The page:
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What Constitutes a Suspicious Incident in Aviation Today?

Chad Wolf

Chad Wolf

 

By Chad Wolf
Security DeBrief
What constitutes a suspicious incident in aviation today? This is the fundamental question that led to nine Muslim passengers being kicked off an Air Tran Airways flight on New Year’s Day.
By now, we’ve all heard the series of events that transpired – several Muslim passengers were discussing airline safety and security while boarding the flight; other passengers reported this “suspicious” behavior to the flight attendant who in turn reported it to the pilot in command; the pilot, with the assistance of Federal Air Marshals, asked that all the passengers be re-screened and then refused to transport the nine passengers in question.
Put aside the pilot’s decision to refuse transport (a decision he/she is permitted to make without much outside review) as well as Air Tran’s apparent lack of customer service skills, and what remains is a regulatory requirement from the Transportation Security Administration (TSA) to all domestic and in-bound international airlines to report any suspicious incidents immediately to TSA. TSA’s purpose for this requirement is simple: to identify any individual incidents / issues that are occurring and determine if there’s any system-wide pattern or similar events taking place across the aviation system (in other words – to connect the dots).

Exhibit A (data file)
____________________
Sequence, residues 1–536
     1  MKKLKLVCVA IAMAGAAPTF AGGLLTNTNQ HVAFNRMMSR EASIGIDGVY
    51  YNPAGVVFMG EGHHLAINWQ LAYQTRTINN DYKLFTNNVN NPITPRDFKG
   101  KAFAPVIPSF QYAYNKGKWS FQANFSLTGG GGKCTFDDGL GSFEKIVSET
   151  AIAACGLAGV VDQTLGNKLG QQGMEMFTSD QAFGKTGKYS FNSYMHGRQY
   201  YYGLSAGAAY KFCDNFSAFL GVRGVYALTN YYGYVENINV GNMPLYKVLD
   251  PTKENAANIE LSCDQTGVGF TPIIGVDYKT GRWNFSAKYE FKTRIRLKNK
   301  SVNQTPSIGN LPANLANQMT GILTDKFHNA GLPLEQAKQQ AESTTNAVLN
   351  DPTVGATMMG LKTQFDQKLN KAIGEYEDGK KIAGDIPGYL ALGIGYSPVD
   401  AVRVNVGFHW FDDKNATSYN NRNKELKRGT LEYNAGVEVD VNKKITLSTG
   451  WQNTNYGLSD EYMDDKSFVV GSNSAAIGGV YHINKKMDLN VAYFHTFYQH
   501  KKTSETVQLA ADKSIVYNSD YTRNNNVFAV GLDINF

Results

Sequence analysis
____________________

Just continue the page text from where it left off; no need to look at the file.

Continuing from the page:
I would argue that this is precisely why the TSA was created – to take responsibility for the security of the entire domestic aviation system. TSA is not alone in tackling this task. The agency must rely on airlines, airports and other aviation stakeholders who are also on the front lines of aviation security everyday.

However, in light of this incident, TSA and the airlines (and perhaps Congress) should examine if this regulatory requirement is being implemented in the most effective and rational manner.

TSA’s long-standing position has been that airlines should report any suspicious incident to TSA and let agency officials (and local law enforcement if needed) sort out the circumstances. TSA is serious about this requirement and has levied numerous enforcement actions (and in some cases financial penalties) against airlines that fail to report.

Should more deference be given back to the airlines? Should the term “suspicious incident” be further defined in TSA’s regulations? These are questions I’m sure are being raised in the aftermath of this incident.

Appearing on CNN the day after this event occurred, I was asked what these passengers could have done differently. There’s an easy answer to that one — don’t unnecessarily draw attention to yourself, and if you choose to discuss aviation security be aware of your surroundings. We need to keep in mind that the aviation sector remains at a high level of threat, requiring a heightened state of security. While we all may make fun of TSA procedures at home or with co-workers from time to time, we need to be aware that when we arrive at the airport, such remarks should be left at the door.


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